How Valuable is a Graduate Degree in the Job Market?

Stephanie Small - September 20, 2013


image-diplomaIn 2012, The Chronicle of Higher Education and American Public Media’s Marketplace conducted a study of employers who hire recent college graduates. The goal was to assess employer’s perceptions of how universities and colleges are preparing students for career settings. Though the end product addressed graduates holding a bachelor’s degree, this study has important implications for graduate students as well. Here are some of the highlights:

“A bachelor’s is a dime a dozen.”

For many of the hiring managers surveyed, a bachelor’s degree was the minimum requirement for an applicant to “get their foot in the door.” While obtaining a bachelor’s demonstrates “discipline and motivation”, “dedication and responsibility”, it’s also considered “a dime a dozen”, and because of that, has “declined in value.” In fact, one disgruntled individual commented

 “If not in philosophy, math, any of the hard sciences, then it has NEGATIVE value (unless from a top 20 school). Those with degree in easy major (communications, psychology) are likely to have acquired many bad habits and attitudes during college. It takes a long time to train these habits and attitudes out of them. Better for them to not go to college.”

While this opinion most likely represents an extreme end of the spectrum, it’s also clear from other comments that a master’s degree is often preferable to a bachelor’s. A sampling of feedback about the value of a master’s degree includes:

“A bachelor’s degree is the lowest degree possible to succeed. In reality, a master’s is preferable.”

“Everyone has a bachelor’s…A master’s is the beginning of degrees/experiences that cause a person to stand out now.”

“It seems that for a lot of the higher paying jobs you will still need graduate level education.”

“To remain competitive in today’s market there is a need for a master’s level degree in lucrative majors that can rebuild the jobs industry in this country.”

The Desirability Factor – Hard Data

Overall, employers surveyed prefer a five-year combined bachelor’s and master’s degree to a three-year bachelor’s or a competency-based bachelor’s. That’s probably obvious, but it’s worth noting exactly how much they prefer it. Using a rating scale of 2 (far less desirable) to 4 (far more desirable), with 3 representing the mean of “equally desirable”, the five-year combined master’s and bachelor’s received a score of 3.50. In contrast, the three-year bachelor’s came in at 2.88 while the competency-based bachelor’s received a 2.61. The education field is most desiring of a five-year combined degree, followed by government, business/nonprofit, and media/communications. In addition, hiring managers that were surveyed have a slightly more favorable perception of individuals who enroll in a graduate program rather than taking an unpaid internship (the exception being the media/communications industry).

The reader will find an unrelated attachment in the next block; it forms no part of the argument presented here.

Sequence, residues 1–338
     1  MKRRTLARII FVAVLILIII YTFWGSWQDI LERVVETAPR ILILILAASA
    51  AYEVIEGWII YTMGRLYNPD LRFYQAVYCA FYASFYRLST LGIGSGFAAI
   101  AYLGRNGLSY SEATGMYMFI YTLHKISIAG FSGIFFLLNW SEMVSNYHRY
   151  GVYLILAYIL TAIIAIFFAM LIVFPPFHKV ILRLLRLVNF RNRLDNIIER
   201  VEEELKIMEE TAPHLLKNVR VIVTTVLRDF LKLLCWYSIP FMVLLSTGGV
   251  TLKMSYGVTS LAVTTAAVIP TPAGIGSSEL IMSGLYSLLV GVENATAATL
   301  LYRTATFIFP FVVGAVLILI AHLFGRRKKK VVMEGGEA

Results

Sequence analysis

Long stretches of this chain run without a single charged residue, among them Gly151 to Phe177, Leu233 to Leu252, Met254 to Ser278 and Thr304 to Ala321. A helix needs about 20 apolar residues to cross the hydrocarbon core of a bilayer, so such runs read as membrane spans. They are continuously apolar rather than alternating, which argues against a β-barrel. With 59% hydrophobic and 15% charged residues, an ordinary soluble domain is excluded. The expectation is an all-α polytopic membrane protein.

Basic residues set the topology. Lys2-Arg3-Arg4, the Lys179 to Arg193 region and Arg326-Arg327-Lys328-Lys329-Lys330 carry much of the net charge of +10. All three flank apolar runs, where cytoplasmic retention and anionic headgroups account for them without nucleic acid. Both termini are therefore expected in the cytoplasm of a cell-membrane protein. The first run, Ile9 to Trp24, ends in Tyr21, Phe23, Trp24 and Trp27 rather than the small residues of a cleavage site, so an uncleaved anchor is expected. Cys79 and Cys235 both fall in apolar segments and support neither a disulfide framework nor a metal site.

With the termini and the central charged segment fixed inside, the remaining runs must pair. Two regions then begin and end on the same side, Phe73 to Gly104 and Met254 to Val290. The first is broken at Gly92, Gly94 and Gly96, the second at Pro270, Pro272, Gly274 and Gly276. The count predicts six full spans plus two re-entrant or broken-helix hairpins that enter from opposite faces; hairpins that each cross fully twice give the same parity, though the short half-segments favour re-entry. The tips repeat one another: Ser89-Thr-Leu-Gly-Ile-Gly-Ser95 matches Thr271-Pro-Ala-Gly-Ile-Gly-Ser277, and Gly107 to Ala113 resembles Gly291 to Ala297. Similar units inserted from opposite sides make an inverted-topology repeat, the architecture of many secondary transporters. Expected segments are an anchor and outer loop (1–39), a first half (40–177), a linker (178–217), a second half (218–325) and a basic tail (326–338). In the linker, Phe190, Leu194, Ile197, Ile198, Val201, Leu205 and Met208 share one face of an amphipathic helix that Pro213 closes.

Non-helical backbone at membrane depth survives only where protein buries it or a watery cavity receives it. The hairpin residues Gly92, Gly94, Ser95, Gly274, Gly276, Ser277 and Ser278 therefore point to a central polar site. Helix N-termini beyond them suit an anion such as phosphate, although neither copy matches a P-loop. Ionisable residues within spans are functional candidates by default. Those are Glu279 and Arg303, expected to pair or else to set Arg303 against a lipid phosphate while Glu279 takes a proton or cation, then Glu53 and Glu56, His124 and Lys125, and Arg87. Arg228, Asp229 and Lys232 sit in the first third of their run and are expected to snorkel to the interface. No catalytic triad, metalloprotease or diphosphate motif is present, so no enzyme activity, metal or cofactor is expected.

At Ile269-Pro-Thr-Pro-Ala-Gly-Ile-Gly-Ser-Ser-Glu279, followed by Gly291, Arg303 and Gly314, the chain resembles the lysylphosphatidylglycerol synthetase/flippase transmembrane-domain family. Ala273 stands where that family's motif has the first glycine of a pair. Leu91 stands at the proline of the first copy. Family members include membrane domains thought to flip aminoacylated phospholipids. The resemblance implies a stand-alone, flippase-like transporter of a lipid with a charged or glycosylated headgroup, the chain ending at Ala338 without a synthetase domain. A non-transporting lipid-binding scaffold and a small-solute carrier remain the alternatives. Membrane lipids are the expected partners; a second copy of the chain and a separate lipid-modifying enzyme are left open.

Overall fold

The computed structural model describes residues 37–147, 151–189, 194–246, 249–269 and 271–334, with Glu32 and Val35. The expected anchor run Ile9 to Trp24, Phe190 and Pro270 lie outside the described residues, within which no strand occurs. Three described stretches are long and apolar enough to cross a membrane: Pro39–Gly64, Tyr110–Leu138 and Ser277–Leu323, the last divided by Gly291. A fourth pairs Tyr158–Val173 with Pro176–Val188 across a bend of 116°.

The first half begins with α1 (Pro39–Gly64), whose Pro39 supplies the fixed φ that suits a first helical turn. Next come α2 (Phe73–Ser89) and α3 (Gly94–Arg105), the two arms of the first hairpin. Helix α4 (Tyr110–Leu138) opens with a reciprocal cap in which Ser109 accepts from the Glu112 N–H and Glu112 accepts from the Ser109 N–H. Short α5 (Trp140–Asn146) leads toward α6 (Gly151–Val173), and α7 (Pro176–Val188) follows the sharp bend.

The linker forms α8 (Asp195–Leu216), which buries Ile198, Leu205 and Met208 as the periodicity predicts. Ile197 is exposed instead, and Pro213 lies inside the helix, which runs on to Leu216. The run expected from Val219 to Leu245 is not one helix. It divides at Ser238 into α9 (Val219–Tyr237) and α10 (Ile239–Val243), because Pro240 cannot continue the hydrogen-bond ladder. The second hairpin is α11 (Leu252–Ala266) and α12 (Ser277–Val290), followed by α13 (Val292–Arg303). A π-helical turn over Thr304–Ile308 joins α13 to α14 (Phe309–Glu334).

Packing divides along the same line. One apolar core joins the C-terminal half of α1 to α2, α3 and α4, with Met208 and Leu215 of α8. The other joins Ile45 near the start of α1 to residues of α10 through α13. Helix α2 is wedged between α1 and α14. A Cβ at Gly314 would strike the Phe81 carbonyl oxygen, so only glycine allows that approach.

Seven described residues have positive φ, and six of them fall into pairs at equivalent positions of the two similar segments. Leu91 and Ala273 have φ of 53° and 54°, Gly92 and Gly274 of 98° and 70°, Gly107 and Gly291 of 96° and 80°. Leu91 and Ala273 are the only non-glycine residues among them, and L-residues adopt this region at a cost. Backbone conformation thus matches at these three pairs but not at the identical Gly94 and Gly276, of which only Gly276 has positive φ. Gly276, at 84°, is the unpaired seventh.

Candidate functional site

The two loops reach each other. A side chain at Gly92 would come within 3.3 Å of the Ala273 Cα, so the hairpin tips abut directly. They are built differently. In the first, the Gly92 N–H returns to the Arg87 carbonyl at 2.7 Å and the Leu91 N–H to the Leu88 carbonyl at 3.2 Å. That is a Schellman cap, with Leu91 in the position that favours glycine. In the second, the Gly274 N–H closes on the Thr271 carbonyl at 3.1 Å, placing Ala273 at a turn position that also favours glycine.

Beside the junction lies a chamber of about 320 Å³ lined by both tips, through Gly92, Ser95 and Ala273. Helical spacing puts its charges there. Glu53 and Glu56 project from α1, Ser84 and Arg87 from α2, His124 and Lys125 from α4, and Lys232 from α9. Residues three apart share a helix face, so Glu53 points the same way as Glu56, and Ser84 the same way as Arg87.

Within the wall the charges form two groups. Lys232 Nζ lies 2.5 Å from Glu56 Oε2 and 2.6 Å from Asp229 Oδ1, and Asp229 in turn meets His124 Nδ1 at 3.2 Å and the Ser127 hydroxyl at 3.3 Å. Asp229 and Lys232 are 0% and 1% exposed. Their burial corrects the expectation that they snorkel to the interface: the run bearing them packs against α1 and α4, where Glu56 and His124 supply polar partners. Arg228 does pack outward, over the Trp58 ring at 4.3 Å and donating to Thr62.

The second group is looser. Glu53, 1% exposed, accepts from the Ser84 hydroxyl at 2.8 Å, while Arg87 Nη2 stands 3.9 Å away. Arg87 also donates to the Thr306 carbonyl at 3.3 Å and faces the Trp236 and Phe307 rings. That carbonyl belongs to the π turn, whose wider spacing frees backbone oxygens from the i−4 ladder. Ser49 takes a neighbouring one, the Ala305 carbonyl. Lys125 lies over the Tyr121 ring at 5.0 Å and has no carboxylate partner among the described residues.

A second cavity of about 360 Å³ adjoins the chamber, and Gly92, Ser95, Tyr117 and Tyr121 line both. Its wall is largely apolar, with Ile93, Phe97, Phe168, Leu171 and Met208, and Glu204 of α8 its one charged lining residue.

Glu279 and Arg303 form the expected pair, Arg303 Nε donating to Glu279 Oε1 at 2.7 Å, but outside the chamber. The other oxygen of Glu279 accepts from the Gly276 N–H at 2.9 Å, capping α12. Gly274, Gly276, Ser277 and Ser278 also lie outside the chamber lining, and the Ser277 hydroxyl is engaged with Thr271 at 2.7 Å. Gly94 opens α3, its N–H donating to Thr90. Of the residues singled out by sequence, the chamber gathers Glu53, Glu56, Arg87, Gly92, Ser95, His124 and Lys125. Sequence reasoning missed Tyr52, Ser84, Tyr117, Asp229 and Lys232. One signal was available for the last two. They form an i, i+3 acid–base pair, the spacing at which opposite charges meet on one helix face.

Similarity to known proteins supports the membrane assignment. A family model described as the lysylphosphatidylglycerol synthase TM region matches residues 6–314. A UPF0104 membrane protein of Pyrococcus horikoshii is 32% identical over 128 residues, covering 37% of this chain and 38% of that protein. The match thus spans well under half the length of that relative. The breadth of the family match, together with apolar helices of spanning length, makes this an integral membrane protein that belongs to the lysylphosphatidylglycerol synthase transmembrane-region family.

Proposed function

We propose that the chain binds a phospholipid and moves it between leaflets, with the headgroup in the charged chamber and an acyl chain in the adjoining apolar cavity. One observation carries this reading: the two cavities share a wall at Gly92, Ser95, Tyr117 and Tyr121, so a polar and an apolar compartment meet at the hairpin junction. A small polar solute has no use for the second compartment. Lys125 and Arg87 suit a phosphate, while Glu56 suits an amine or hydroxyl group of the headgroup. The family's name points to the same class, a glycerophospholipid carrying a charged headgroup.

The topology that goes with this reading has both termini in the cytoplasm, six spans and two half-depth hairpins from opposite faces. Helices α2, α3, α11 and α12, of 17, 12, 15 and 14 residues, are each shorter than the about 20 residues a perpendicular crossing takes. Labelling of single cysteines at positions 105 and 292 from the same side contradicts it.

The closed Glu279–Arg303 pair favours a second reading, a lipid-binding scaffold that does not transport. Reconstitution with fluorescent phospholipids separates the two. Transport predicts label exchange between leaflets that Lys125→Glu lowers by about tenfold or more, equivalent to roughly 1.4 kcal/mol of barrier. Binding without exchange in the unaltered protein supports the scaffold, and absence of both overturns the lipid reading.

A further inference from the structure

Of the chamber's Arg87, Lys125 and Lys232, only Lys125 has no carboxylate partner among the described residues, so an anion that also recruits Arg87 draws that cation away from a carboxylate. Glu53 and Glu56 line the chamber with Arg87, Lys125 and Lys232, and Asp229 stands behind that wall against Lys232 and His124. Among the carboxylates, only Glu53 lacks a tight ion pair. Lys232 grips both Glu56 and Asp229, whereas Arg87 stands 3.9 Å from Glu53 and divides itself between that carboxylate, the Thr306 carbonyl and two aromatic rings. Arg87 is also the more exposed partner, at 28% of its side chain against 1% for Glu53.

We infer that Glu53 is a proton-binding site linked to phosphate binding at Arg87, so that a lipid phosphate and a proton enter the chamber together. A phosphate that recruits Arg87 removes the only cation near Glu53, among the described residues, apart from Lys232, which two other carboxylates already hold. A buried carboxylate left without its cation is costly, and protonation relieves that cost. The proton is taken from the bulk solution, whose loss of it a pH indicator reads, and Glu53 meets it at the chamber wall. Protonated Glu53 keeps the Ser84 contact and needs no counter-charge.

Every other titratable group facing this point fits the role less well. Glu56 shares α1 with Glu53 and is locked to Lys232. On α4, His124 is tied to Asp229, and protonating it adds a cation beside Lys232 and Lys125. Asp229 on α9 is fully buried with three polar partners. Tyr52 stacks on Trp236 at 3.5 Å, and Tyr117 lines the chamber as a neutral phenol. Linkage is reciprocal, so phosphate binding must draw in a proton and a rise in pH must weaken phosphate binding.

Balancing Academics and Experience

While it’s clearly helpful in many ways, a graduate degree isn’t everything. This study also demonstrates that hiring managers may value experience as being slightly more important than academic credentials. Interestingly, the full study references several examples that demonstrate the difficulty recent college graduates experience when attempting to get jobs to gain that experience. Therefore it is important for undergraduate students to gain as much experience as possible before entering the full time workforce, through internships, shadowing, and volunteer activities. Graduate institutions often offer students opportunities to gain experience as well.  Teaching and research assistantships not only look good on your resume and provide you with great experience, but they can help defray tuition costs. Summer internships in various settings, as well as any practicums or internships that are part of some programs can also provide you with a well-rounded range of on the job experiences.


Bottom line: while a bachelor’s degree proves you’ve got a degree of follow-through and certain skills, they’re also so common that instead of helping you stand out, they simply get you through the front door. The results of this survey indicate that the attractive resumes to employers may include both a graduate degree and some solid work experience.





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